A new study reveals that killer heat waves are placing unprecedented burdens on India’s agriculture, economy, and public health as reported by Economic Times. The research, conducted by a team of scholars led by the University of Cambridge’s Ramit Debnath, shows that extreme heat has resulted in more than 24,000 deaths since 1992, driven up air pollution, and accelerated glacial melt in northern India. The study highlights how climate change is undermining India’s long-term efforts to reduce poverty, inequality, and illness.
According to the researchers, India is now “facing a collision of multiple, cumulative climate hazards,” with extreme weather happening almost every day from January to October last year. The country’s vulnerability to frequent extreme events needs to be measured, and the Indian government’s own “climate vulnerability index” is believed to underestimate the impact that longer, earlier, and more frequent heatwaves will have on development. As much as 90% of India’s total area now lies in extreme heat danger zones, and the country is not fully prepared, warns Debnath.
India has already done quite a bit in terms of heat mitigation, recognizing heatwaves as part of their disaster relief package. However, there is a need to optimize the pace of these plans, says Debnath. While the adaptation measures put on paper are quite substantial, they need to be implemented more efficiently. The researchers also warn that heatwaves are weakening India’s efforts to meet its “Social Development Goals,” a list of 17 U.N. objectives to cut poverty, hunger, inequality, and disease.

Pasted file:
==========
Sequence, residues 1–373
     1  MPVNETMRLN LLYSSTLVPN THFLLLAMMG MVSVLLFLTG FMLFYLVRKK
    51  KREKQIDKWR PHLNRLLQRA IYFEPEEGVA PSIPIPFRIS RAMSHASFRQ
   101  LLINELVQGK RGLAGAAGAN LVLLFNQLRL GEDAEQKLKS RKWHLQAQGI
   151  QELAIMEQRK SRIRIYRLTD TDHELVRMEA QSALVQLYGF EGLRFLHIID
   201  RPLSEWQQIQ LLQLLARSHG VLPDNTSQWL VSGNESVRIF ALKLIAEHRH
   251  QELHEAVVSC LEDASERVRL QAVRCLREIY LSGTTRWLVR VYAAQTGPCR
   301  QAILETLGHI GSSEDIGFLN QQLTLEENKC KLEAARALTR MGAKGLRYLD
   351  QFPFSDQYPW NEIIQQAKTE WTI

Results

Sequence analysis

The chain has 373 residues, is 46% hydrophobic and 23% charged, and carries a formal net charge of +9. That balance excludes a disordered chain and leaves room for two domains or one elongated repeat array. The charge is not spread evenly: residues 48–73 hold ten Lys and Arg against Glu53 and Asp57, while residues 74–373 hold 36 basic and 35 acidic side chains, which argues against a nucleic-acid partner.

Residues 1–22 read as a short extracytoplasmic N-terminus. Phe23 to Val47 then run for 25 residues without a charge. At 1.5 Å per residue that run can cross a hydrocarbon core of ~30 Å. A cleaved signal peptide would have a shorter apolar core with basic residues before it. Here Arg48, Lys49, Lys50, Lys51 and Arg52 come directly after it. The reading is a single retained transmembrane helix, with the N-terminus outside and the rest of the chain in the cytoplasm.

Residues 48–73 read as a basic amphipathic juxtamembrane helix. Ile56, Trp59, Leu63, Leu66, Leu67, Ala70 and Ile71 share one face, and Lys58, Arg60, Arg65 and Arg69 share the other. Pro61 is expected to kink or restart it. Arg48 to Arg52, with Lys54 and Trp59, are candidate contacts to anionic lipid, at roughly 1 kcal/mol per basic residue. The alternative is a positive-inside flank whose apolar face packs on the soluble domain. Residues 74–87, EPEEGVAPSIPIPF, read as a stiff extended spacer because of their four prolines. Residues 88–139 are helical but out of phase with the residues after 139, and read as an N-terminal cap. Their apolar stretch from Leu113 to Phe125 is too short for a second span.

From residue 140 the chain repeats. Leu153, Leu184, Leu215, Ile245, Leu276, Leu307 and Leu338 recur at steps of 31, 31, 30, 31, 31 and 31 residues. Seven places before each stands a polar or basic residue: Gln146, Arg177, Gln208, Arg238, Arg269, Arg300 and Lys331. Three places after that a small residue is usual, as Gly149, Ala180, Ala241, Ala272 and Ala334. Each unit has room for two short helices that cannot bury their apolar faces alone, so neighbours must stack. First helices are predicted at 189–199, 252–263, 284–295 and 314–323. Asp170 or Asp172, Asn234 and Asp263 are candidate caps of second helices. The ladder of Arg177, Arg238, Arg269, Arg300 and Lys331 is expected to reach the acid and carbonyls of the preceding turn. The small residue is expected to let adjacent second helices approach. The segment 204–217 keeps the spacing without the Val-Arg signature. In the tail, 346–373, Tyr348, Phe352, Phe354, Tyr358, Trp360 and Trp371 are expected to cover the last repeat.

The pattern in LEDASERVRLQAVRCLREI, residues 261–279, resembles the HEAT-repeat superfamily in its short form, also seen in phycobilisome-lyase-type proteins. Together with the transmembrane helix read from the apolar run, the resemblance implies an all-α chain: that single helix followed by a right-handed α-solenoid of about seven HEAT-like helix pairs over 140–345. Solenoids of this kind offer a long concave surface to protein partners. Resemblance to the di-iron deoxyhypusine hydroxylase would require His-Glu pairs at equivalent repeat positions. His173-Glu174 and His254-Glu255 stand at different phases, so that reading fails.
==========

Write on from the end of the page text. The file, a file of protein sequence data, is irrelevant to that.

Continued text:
Extreme heat could ultimately lead to a 15% decline in “outdoor working capacity,” reduce the quality of life of up to 480 million people, and cost 2.8% of GDP by 2050, says the study. Falling productivity caused by extreme high temperatures could already be costing India 5.4% of its GDP, according to the Climate Transparency Report published by environmental groups last year.